5 Common Legal Errors in Internet and Social Media Marketing

"Kyle-Beth Hilfer"

Kyle-Beth Hilfer

[tweetmeme]I have met a surprising number of experienced business people who do not budget for legal advice. Here are five common legal mistakes in Internet and social media marketing that can result in financial penalties and business interruption.

1. COPYRIGHT MISTAKE: Photographs on Google Images are not free for the taking. Regardless of whether a photograph bears a copyright or watermark symbol, it is not in the public domain. Someone holds the copyright. It may even be a famous organization like Getty Images. If you use these images, you may receive a cease and desist letter and a claim for financial damages. Always take photographs from stock photo houses or buy rights directly from the photographer. Read the licenses to be sure you understand your rights.

2. TRADEMARK MISTAKE: Trademark infringement is not based on precise copying. The test for trademark infringement is likelihood of confusion in the marketplace. This means altering one word of a slogan may not ward off a trademark infringement claim if you market in similar trade channels with similar goods. Take the time to create original trademarks.

3. DATA COLLECTION MISTAKE: If you are collecting any consumer data on your website, in social media, or on mobile devices, you should publicize a privacy policy that explains to consumers where that data goes, how it is shared, and how it is protected. An astounding number of website owners do not protect themselves properly with updated Terms of Use and Privacy Policies. Many who have those policies do not update them annually. Review these policies annually with legal counsel to see if they still align with current business practices.

4. PRIZE PROMOTION MISTAKE: If you are running a sweepstakes or contest, do not copy rules from another promotion you find on the Internet. Every promotion has its own details that require careful crafting of rules. Each of the 50 states has complex statutes governing prize promotions. There are a variety of contrasting requirements on such issues as rule requirements, disclosures in advertising, prize delivery, and registration and bonding. Using social media platforms for public voting can render the promotion an illegal lottery if not implemented properly. Prize promotions require close legal vetting.

5. MOBILE MARKETING MISTAKE: An astounding number of marketing companies are trying to break into the fast growing area of mobile marketing. They rely on third party lists of mobile phone numbers, and they have not done proper due diligence. They do not understand the legal requirements of obtaining consumer opt-in before commencing a mobile campaign. Enforcement of federal statutes in this area as well as state attorneys-general investigations are on the rise. The financial ramifications of a failure to obtain a proper opt-in can be staggering. Consult with your legal counsel about the proper way to obtain the opt-in before commencing a mobile campaign.

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This post first appeared on the author’s blog. © Kyle-Beth Hilfer, P.C. 2011.  Kyle-Beth Hilfer, Esq. specializes in advertising, marketing, promotions, intellectual property and new media law. She is also Of Counsel to Collen IP, a full service intellectual property law firm. For more information about her law practice and more blog posts, visit www.kbhilferlaw.com.

 

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Comments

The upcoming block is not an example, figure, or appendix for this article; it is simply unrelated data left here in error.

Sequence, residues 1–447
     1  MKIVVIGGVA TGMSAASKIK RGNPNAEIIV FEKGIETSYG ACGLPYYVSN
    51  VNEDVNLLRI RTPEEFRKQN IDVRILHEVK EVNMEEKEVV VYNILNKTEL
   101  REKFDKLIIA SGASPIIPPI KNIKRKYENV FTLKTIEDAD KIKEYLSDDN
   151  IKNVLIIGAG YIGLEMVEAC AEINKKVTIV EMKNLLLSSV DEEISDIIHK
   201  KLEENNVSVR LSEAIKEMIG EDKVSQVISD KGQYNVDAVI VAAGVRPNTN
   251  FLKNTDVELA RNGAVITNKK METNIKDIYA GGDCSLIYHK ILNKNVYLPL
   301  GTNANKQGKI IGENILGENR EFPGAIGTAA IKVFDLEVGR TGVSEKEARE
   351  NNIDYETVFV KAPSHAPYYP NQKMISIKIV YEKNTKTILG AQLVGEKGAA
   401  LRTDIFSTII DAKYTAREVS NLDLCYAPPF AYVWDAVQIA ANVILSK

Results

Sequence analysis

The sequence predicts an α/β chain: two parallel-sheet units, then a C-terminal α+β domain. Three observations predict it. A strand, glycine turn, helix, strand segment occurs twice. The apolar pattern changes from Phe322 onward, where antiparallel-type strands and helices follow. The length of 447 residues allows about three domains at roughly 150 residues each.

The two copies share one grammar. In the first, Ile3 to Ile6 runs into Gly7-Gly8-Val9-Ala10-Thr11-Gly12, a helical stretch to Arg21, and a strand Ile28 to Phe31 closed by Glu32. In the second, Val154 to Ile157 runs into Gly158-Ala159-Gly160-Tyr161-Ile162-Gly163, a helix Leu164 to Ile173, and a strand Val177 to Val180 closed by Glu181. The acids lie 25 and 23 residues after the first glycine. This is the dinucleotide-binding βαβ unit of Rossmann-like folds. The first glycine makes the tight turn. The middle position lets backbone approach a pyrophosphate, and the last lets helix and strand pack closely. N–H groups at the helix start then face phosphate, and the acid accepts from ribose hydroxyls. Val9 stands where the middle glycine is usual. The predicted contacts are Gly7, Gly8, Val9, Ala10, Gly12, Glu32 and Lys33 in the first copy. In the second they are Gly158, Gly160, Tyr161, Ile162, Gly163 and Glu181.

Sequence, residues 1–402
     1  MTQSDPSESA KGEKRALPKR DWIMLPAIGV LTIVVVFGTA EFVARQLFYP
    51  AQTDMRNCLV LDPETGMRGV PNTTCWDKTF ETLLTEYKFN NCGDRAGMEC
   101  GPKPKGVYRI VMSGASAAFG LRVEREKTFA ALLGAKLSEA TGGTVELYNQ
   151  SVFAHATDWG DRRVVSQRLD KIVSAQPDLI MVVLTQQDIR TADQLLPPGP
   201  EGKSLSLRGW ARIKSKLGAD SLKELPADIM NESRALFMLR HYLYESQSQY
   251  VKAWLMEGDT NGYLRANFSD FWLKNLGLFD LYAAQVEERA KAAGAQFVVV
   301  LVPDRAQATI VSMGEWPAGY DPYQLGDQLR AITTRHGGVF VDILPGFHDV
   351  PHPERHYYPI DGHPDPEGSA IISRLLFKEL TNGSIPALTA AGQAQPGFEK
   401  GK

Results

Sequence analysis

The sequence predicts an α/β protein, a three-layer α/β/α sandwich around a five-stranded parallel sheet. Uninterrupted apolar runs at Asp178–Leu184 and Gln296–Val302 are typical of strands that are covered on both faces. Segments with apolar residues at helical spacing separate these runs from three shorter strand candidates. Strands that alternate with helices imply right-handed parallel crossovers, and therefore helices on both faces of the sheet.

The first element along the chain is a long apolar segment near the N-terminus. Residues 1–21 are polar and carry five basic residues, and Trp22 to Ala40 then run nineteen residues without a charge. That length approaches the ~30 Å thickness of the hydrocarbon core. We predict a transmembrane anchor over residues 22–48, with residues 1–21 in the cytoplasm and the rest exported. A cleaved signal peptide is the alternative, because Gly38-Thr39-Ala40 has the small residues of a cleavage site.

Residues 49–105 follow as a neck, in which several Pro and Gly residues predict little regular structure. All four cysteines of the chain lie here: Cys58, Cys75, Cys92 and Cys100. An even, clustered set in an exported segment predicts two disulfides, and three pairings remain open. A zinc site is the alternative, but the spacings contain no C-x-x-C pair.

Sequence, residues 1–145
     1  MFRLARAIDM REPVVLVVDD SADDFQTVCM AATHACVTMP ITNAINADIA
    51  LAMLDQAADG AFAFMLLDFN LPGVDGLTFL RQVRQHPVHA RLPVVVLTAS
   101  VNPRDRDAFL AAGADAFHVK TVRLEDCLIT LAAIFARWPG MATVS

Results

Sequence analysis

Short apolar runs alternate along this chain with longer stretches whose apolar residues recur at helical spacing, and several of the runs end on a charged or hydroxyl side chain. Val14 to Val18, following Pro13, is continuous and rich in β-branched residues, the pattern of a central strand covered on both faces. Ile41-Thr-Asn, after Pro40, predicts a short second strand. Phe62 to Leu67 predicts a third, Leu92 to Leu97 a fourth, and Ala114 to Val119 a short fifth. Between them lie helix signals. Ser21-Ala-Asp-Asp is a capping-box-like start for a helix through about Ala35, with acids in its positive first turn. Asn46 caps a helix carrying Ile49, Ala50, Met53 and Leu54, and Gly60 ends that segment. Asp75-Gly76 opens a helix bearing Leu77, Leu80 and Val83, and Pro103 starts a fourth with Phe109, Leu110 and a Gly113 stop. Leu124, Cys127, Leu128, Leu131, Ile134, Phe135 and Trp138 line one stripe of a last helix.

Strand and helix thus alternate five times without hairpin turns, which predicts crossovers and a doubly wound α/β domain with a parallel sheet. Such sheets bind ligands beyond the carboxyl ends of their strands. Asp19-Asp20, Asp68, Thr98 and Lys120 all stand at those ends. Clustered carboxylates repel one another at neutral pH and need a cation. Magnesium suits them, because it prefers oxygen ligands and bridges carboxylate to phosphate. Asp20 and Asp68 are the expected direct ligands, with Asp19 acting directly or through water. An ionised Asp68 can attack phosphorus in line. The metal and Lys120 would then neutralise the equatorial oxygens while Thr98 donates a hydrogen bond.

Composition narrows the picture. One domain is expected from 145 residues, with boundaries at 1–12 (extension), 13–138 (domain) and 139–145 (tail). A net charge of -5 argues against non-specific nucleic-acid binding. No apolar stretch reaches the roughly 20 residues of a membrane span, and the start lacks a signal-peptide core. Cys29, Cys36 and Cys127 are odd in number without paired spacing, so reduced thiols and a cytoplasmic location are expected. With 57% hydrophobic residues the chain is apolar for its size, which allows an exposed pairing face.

1. Thanks for these eye-openers.All look easy enough to avoid.

    Of particular interest, the Prize Promotion Mistake. It makes me want to avoid the whole thing. Or, do a Google search so I can find the rules for my state. I’m not certain, but I believe I could even go to my state’s website and find those guidelines. Glad I’m not thinking about a promotion any time soon though.

  2. Patricia, thank you for your comment. On Prize Promotion, no need to avoid prize promotions. Companies have been running these for years successfully. There is a learning curve in doing them. I have been practicing law in this area for over 20 years and have guided many clients, small and large, through running a prize promotion. I guide clients regularly on the scope of their promotion in accordance with their budget and business goals. All it requires is a willingness to do your due diligence with qualified counsel who can walk you through the steps. After you’ve done a few, things start to fall into place unless you are adding new technology platforms or new layers of the promotion. You can also consult the Promotion Marketing Association or DIrect Marketing Association websites for advice. If you are in the mobile space, the Mobile Marketing Association has some basic information as well. None of these websites will walk you through the intricacies of 50 states’ laws, but they provide a good understanding of the basics of promotion law. A google search will likely reveal other sources of information as well. In short, you should not be afraid of running a prize promotion, understanding like anything else, you may need to do some homework.

  3. Great information. I’ve been talking about the need for bloggers and social media users to learn the “rules of the road” for some time now, and it’s always nice to hear another voice calling for more education on this subject! Thanks for the tips, especially the reminder about the prize giveaways.

  4. Deb — Thank you for your comments. The confusion sometimes comes because people do not see water marks on the photos. This combined with the misconception that the Internet is “free” makes for a bad conclusion. Intellectual property law will continue to develop as technology develops. It just means that creators have to be more innovative about protecting their rights….Kyle-Beth Hilfer